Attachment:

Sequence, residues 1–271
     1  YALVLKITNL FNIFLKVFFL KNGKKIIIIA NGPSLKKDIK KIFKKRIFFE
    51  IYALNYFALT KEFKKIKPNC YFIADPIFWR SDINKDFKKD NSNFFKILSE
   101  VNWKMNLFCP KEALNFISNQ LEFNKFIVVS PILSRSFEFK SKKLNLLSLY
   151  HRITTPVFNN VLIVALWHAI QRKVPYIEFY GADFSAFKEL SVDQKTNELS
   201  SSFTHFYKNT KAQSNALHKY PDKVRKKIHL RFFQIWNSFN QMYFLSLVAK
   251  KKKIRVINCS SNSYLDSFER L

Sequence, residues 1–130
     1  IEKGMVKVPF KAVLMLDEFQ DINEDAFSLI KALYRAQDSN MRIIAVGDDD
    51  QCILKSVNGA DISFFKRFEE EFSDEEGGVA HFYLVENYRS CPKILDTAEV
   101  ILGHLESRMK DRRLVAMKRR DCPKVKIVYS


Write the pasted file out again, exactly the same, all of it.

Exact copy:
Sequence, residues 1–271
     1  YALVLKITNL FNIFLKVFFL KNGKKIIIIA NGPSLKKDIK KIFKKRIFFE
    51  IYALNYFALT KEFKKIKPNC YFIADPIFWR SDINKDFKKD NSNFFKILSE
   101  VNWKMNLFCP KEALNFISNQ LEFNKFIVVS PILSRSFEFK SKKLNLLSLY
   151  HRITTPVFNN VLIVALWHAI QRKVPYIEFY GADFSAFKEL SVDQKTNELS
   201  SSFTHFYKNT KAQSNALHKY PDKVRKKIHL RFFQIWNSFN QMYFLSLVAK
   251  KKKIRVINCS SNSYLDSFER L

Sequence, residues 1–130
     1  IEKGMVKVPF KAVLMLDEFQ DINEDAFSLI KALYRAQDSN MRIIAVGDDD
    51  QCILKSVNGA DISFFKRFEE EFSDEEGGVA HFYLVENYRS CPKILDTAEV
   101  ILGHLESRMK DRRLVAMKRR DCPKVKIVYS